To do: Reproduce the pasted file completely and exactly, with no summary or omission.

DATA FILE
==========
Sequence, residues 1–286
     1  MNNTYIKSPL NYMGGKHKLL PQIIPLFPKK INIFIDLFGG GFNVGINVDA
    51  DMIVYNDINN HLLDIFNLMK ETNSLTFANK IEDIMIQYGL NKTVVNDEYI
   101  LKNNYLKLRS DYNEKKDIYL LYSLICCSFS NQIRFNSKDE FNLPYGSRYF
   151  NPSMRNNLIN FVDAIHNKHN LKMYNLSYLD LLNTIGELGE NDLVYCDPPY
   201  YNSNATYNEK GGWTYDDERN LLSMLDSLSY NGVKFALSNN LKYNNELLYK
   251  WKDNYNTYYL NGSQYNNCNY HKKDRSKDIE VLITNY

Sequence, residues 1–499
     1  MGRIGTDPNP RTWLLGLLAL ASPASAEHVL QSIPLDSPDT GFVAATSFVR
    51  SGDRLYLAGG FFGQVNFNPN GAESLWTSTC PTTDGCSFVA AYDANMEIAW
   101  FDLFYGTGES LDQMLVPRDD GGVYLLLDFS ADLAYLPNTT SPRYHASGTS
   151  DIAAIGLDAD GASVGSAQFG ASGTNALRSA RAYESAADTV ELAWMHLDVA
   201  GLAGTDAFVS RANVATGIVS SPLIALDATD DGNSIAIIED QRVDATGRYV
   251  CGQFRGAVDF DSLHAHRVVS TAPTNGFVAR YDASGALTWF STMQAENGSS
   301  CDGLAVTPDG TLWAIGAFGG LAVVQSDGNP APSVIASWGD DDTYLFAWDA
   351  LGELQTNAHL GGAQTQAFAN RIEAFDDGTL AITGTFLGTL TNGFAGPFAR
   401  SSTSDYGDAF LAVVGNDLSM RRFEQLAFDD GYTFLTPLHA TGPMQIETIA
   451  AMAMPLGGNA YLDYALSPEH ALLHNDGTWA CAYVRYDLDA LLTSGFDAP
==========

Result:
Sequence, residues 1–286
     1  MNNTYIKSPL NYMGGKHKLL PQIIPLFPKK INIFIDLFGG GFNVGINVDA
    51  DMIVYNDINN HLLDIFNLMK ETNSLTFANK IEDIMIQYGL NKTVVNDEYI
   101  LKNNYLKLRS DYNEKKDIYL LYSLICCSFS NQIRFNSKDE FNLPYGSRYF
   151  NPSMRNNLIN FVDAIHNKHN LKMYNLSYLD LLNTIGELGE NDLVYCDPPY
   201  YNSNATYNEK GGWTYDDERN LLSMLDSLSY NGVKFALSNN LKYNNELLYK
   251  WKDNYNTYYL NGSQYNNCNY HKKDRSKDIE VLITNY

Sequence, residues 1–499
     1  MGRIGTDPNP RTWLLGLLAL ASPASAEHVL QSIPLDSPDT GFVAATSFVR
    51  SGDRLYLAGG FFGQVNFNPN GAESLWTSTC PTTDGCSFVA AYDANMEIAW
   101  FDLFYGTGES LDQMLVPRDD GGVYLLLDFS ADLAYLPNTT SPRYHASGTS
   151  DIAAIGLDAD GASVGSAQFG ASGTNALRSA RAYESAADTV ELAWMHLDVA
   201  GLAGTDAFVS RANVATGIVS SPLIALDATD DGNSIAIIED QRVDATGRYV
   251  CGQFRGAVDF DSLHAHRVVS TAPTNGFVAR YDASGALTWF STMQAENGSS
   301  CDGLAVTPDG TLWAIGAFGG LAVVQSDGNP APSVIASWGD DDTYLFAWDA
   351  LGELQTNAHL GGAQTQAFAN RIEAFDDGTL AITGTFLGTL TNGFAGPFAR
   401  SSTSDYGDAF LAVVGNDLSM RRFEQLAFDD GYTFLTPLHA TGPMQIETIA
   451  AMAMPLGGNA YLDYALSPEH ALLHNDGTWA CAYVRYDLDA LLTSGFDAP